Blood and bone marrow therapies grab spotlight at world's top cancer meeting

CHICAGO (Reuters) - Promising new data on blood and bone marrow cancer therapies that re-engineer immune system cells are convincing more doctors of the validity of the approach, according to Reuters interviews at the world’s biggest annual oncology meeting. Chimeric antigen receptor T-cell, or CAR-T, therapies extract immune system T-cells from an individual patient, alter their DNA to better spot and kill cancer cells, and infuse them back into the same patient.

Investors had been closely watching the fortunes of CAR-T developers, including Kite Pharma Inc and Bluebird Bio Inc. This week, the therapies took center stage at the American Society of Clinical Oncology (ASCO) annual meeting, with new results on their use for multiple myeloma patients.

The science “is quite revolutionary,” said Dr. Michael Sabel, chief of surgical oncology at University of Michigan Health Systems, who is not involved in the trials.

“We have struggled for years with the idea of getting T-cells to actually recognize the cancer cell and form that bond, that latch, that allows it to be an effective killing cell,” he said. “We are now seeing that advance.”

CAR-T therapies are expected to reach the U.S. market for the first time this year. U.S. regulators are reviewing treatments from Kite and Novartis AG which target a protein called CD19 found in lymphoma and leukemia, achieving remission in more than 80 percent of patients with advanced-stage disease.

CAR-Ts can also pose serious risks, including a potentially life-threatening inflammatory condition, though researchers said at ASCO they have become more confident in managing though side effects.

“What used to be a sideshow has moved on to the main stage,” said Nick Leschly, chief executive officer at Bluebird Bio. The company, which is developing a therapy with Celgene Corp, gave an update on its clinical trial of multiple myeloma patients who had exhausted other options. All 15 patients evaluated so far have responded to the treatment, and 27 percent had a complete remission, Bluebird said.

Shares of Bluebird are up 17 percent so far this week. BMO Capital Markets estimated sales of the therapy, bb2121, could reach $3.6 billion annually.

A relatively unknown company, Nanjing Legend Biotech, also surprised ASCO participants with a small CAR-T trial in patients with advanced multiple myeloma. All 35 patients enrolled so far have responded to the treatment. Of the 19 patients followed for more than four months, 14 saw complete remission.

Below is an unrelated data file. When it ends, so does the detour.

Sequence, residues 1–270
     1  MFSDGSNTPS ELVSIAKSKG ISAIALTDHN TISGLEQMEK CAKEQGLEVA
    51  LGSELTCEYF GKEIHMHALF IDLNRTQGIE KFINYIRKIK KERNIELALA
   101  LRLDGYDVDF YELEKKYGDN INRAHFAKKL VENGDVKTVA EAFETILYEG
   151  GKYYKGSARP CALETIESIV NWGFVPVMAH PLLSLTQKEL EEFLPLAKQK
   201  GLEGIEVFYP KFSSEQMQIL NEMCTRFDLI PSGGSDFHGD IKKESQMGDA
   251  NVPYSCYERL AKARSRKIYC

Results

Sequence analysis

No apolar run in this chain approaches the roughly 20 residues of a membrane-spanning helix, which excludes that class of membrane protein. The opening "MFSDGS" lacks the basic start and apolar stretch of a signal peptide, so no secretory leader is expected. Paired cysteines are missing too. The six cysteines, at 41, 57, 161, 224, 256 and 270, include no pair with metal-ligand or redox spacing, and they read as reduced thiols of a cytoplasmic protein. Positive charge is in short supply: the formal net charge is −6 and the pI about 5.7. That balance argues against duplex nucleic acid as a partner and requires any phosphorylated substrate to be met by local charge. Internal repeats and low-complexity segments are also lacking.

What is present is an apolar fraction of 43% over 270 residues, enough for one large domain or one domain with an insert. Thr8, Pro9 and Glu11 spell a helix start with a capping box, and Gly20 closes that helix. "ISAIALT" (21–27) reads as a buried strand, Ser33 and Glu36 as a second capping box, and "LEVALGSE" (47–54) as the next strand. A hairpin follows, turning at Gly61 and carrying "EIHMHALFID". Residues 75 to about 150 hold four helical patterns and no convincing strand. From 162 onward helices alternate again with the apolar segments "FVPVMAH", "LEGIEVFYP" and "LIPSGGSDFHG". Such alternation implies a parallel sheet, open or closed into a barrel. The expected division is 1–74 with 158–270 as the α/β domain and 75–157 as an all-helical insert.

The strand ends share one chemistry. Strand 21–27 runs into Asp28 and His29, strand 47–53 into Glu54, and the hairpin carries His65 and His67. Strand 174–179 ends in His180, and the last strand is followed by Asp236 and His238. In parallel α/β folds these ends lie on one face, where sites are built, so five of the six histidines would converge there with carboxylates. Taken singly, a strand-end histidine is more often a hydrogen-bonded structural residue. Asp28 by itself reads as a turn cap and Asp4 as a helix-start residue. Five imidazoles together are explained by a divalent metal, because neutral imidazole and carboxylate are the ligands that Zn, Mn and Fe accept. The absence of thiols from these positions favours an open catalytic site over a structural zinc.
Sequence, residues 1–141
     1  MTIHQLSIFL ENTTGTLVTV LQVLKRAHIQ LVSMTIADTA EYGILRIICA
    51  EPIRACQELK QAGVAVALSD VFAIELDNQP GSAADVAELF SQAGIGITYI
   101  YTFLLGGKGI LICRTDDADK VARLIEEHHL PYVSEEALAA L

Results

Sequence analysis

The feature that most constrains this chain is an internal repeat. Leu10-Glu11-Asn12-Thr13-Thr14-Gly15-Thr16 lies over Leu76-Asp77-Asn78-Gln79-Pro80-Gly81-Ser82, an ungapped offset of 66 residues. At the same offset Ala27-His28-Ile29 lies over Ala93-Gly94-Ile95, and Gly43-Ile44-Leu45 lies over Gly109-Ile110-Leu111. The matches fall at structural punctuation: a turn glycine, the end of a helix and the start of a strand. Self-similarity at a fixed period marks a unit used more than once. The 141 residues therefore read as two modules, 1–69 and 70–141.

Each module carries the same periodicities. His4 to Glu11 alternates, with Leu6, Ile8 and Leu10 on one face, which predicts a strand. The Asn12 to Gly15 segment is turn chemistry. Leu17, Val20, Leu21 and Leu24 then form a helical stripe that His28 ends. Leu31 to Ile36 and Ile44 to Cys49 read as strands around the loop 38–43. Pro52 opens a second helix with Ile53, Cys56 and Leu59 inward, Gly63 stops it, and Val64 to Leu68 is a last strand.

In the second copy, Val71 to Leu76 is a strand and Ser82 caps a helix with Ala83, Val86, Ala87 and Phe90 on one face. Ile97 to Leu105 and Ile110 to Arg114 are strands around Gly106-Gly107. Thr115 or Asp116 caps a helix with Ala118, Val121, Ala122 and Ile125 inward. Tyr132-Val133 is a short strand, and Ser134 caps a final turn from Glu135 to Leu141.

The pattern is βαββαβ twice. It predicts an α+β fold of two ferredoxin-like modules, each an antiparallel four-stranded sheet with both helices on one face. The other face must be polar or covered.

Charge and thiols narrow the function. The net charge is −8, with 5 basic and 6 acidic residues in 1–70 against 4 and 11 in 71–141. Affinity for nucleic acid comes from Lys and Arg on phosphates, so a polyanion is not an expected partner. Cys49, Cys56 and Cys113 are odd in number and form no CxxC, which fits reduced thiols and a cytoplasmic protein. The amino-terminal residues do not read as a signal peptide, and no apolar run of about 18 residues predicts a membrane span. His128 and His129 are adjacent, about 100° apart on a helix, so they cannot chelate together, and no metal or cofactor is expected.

Most trial patients experienced cytokine release syndrome (CRS), a potentially life-threatening inflammatory condition, but researchers said the side effect was temporary and manageable in most patients.

Dr. Frank Fan, chief scientific officer at Nanjing Legend Biotech, a unit of Genscript Biotech Corp, said the company plans to enroll a total of 100 patients in the Chinese trial and to start a similar U.S. trial in early 2018.

Juno Therapeutics Inc scrapped its initial CAR-T candidate for acute lymphoblastic leukemia (ALL) after five patient deaths. The company said at ASCO that early trial results for a different CAR-T found that 66 percent of non-Hodgkin lymphoma patients responded to the drug, and 18 percent suffered severe neurological side effects. One patient died, although the company said the death was not attributed to the CAR-T treatment.

Data from Kite showed remission in 73 percent of 11 patients with relapsed ALL who took its CAR-T treatment axi-cel. It plans to launch a Phase 2 trial in the fourth quarter, possibly at a lower dose.

Globally, there are more than 183 clinical CAR-T trials underway, said Dr. Carl June, professor in immunotherapy at the University of Pennsylvania’s Perelman School of Medicine, and one of the first researchers in the CAR-T field. ASCO awarded June the David A. Karnofsky Memorial Award, its highest scientific prize, this week.

“This takes immuno-oncology to another level,” June told a packed lecture hall on Sunday.

Reporting By Deena Beasley; Editing by Michele Gershberg and Tom Brown